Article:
Mrs. Raskin, Mark’s old buddy from the first episode, is back with another painful hangnail. Mark loses his sympathy immediately, saying his inoperable brain tumor is worse than her problem. He leaves her to tend to a little girl named Katie who’s been waiting for treatment for two hours. She has a splinter under her fingernail and is afraid to have anyone look at it, since she knows it’ll hurt.

Mark tells her to close her eyes and picture something. Katie’s class has been studying Greek mythology, and sees Orion’s Belt. She explains that Orion couldn’t beat the scorpion, so he jumped into the sea. Artemis put him in the sky to keep him away from the scorpion. While she’s talking, Mark removes her splinter without her even noticing. He thanks her, telling her she was his very last patient.

Mark tells Haleh to deal with Mrs. Raskin (and tell her to never come back), then says good night to Pratt, who admits that he learned a lot today. In the lounge, Mark tells Weaver that Pratt is cocky and eager, which makes him a good fit for the ER. He takes some things from his locker as Weaver tries to work out the schedule for next month. He tells her to make sure her work doesn’t become her life.

After passing some patients on to Carter, Mark heads out, exchanging goodbye salutes with Al. He and Susan see each other across the ER but don’t speak. The only person Mark explicitly says goodbye to is Abby, who thinks he’s just leaving for the night, not forever. Carter walks Mark out to the ambulance bay, where Mark picks up the basketball and notes that it needs air. He tosses it to Carter and repeats what Morgenstern once said to him: “You set the tone.” Then he leaves work for the last time.

Thoughts: Jeffrey is played by Wilson Cruz. Shane is played by Lori Petty.

I thought I had more time before I had to deal with Pratt. Sigh. I NEEDED more time.

Mark absolutely shouldn’t have been working on major cases. They should have had him treating sprains and sore throats. I mean, come on.

I like the parallels between this episode and the first one, not just because there are callbacks but because they show how work can become routine. Kind of a “the more things change, the more they stay the same” situation. And that routine can become so normal that it just becomes your life, which is what Mark was warning Weaver against.

1 Comment »

  1. Nick Rivers said,

    It was a good idea to have the episode start with Mark shooting baskets, a nice homage back to the early days of ER when he spent so much time out there with Doug.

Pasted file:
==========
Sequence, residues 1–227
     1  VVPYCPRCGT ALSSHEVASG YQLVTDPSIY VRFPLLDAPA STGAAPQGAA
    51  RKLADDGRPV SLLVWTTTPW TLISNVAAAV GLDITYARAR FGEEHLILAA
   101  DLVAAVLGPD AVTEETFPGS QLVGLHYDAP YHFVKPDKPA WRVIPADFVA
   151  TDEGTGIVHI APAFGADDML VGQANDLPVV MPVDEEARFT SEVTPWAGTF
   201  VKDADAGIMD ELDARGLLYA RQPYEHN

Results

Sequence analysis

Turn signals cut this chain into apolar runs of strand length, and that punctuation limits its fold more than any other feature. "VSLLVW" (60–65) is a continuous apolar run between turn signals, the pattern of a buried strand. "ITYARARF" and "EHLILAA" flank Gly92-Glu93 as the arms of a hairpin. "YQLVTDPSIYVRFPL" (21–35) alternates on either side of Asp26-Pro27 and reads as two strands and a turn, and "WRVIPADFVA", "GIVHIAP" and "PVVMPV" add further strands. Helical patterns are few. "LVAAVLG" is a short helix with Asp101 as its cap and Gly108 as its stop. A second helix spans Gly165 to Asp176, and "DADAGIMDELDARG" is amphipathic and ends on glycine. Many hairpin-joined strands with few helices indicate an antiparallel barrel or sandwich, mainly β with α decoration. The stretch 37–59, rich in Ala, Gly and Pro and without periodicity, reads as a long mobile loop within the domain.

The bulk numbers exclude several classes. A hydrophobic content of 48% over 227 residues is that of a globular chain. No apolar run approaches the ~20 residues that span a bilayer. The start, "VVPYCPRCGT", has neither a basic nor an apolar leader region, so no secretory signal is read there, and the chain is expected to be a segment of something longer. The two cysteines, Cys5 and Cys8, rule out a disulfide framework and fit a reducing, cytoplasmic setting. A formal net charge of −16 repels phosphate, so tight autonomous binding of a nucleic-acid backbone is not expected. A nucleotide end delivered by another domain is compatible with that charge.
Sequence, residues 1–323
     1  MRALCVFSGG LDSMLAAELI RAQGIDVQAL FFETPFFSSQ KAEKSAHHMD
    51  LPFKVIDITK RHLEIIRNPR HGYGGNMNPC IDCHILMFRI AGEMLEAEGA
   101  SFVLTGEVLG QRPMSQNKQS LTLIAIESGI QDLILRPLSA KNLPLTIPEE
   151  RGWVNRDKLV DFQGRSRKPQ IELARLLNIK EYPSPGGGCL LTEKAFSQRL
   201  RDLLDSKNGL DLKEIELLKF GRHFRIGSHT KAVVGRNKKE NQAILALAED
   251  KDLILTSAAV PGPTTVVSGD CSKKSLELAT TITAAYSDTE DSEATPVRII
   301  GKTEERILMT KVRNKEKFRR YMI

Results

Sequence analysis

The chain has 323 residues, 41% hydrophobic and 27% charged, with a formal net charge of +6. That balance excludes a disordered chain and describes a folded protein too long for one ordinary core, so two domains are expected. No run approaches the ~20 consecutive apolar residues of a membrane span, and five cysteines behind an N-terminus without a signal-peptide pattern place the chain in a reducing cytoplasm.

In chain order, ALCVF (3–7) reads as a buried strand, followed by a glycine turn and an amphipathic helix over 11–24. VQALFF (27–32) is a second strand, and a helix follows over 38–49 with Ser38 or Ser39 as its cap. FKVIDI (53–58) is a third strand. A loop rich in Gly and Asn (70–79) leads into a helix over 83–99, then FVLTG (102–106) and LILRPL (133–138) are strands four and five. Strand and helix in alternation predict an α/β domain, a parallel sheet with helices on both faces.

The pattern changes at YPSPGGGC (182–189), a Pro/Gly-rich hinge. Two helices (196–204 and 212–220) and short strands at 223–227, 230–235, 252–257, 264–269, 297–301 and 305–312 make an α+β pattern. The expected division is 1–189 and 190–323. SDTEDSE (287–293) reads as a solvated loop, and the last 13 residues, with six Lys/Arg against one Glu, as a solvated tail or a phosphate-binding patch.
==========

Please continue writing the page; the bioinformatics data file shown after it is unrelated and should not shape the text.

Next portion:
I like Mekhi Phifer and this role was really damn obnoxious in the beginning. He mellows out, but jesus, it’s like they went casting for the exact polar opposite of Gallant on purpose, which… okay, an interesting balance and all, but why. I like that Mark did praise him to Weaver, though. It would have been fun to see the two of them work together more in the future.

    The Mark and Jen scene was really tough. They made Jen so unlikeable but she did get a bit of a raw deal in that marriage, though she could have found a more elegant way to extricate herself from it. Ahem. They were definitely both to blame for the failing of the marriage, but it’s hard not to look at them and remember the early days of ER. I’m glad they had Jen totally shaken by the realization that Mark was going to die; just because the marriage didn’t work out doesn’t mean everything they ever had together was completely erased from existence. And her completely avoiding the really difficult topic made a lot of sense as I know there’s a fight-or-flight reaction type thing to emotional shock, but… did she have absolutely no idea he’d ever had a brain tumor before? Why else would she fly up there?!

    The routine of work and work becoming your life… I wonder if the takeaway here is that Mark let the ER become his life. I feel like he definitely did during his marriage to Jen, then after they divorced it was all he really had, but during his marriage to Elizabeth I don’t know that I saw it the same way because she was so wed to the OR herself. Once Ella arrived, they both really struggled to put her at the center of their priorities due to their true first loves being the ER and OR. Ella’s arrival seemed to be a real strain for their marriage in general, not the least of which was Elizabeth’s neverending meltdowns over childcare. Maybe they were just doomed from the start no matter what came down the pike!